Nearly a third of consumers plan to return, re-gift, sell or give away Christmas gifts, and a fifth do so to help manage cost-of-living pressures, according to a new survey.

Gifts worth £232million will be returned across the UK, the Post’s survey shows.

Young adults aged 18-34 are the most likely to return gifts, falling to one in 10 for those over 55. The average value per returned gift is £74, with returnees typically giving up two gifts.

The most common gifts given, given, sold or returned are clothing and footwear (21%), followed by non-electric beauty items (18%) and books and stationery (12%).

More than half (54%) said they would not tell the person who gave them their gift that they were returning it, with those over 55 the most likely to remain silent on the subject.

The survey found that the cost-of-living crisis was not the only reason for returns, with 28% saying gifts received were wasteful. Some 32% said they didn’t need a gift they were returning and 40% said it would never be used – people over 55 most likely to return their gifts for these reasons.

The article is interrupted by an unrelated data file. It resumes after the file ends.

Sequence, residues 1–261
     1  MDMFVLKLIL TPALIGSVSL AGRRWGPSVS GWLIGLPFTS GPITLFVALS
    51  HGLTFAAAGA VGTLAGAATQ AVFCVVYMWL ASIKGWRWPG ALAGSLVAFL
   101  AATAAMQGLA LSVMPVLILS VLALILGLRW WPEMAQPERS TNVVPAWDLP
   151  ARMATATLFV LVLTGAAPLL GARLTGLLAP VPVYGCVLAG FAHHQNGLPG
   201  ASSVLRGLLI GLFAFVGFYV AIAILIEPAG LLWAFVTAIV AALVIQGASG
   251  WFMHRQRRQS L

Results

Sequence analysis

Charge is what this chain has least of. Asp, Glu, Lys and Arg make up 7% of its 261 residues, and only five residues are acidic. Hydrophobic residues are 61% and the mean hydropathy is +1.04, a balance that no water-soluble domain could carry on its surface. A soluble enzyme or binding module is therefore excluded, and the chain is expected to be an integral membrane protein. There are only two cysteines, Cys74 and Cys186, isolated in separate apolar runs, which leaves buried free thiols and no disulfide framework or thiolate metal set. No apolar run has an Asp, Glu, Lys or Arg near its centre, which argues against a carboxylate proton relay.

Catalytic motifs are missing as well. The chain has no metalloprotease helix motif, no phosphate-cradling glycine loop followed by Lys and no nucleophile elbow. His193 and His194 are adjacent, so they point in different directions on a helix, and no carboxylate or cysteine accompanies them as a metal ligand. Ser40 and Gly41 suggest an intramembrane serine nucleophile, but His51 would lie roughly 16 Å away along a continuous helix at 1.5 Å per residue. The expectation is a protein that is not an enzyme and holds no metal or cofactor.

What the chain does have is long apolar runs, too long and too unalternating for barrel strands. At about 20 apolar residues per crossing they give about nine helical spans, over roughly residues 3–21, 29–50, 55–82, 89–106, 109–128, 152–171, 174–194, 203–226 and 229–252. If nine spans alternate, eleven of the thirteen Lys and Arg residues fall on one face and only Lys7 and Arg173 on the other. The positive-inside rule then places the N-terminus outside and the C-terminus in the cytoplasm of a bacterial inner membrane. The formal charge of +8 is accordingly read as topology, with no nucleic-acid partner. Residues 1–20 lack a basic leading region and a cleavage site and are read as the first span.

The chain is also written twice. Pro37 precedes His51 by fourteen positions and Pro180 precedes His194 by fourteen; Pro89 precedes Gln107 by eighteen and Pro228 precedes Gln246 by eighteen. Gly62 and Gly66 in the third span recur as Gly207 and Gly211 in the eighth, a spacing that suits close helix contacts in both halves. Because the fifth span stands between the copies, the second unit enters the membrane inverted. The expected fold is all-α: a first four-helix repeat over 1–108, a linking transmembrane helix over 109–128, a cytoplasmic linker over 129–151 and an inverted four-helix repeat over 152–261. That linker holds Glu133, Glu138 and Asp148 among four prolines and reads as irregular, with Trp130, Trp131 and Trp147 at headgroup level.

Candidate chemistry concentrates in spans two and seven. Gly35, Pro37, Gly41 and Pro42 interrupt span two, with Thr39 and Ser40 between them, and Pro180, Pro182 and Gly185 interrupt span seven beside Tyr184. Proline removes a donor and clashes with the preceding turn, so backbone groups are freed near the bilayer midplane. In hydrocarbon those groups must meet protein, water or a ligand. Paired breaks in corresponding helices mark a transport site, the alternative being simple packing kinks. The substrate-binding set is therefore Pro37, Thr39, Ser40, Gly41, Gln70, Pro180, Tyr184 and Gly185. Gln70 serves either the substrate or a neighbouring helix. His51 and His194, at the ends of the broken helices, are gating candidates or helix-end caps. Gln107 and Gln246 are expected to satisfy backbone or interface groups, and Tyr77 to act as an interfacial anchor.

More than 40% of returns are sent back to small or independent businesses, the survey also found.

Kristian Latham, Letters and Parcels Manager at the Post Office, said: “We continue to see strong increases in return volumes after the Christmas period as customers trust us to return their unwanted gifts safely – especially important as our research shows that many come back and sell unwanted gifts for much-needed cash.

“Our postmasters and staff are working extremely hard to manage this increase in traffic to keep the process quick and easy.”

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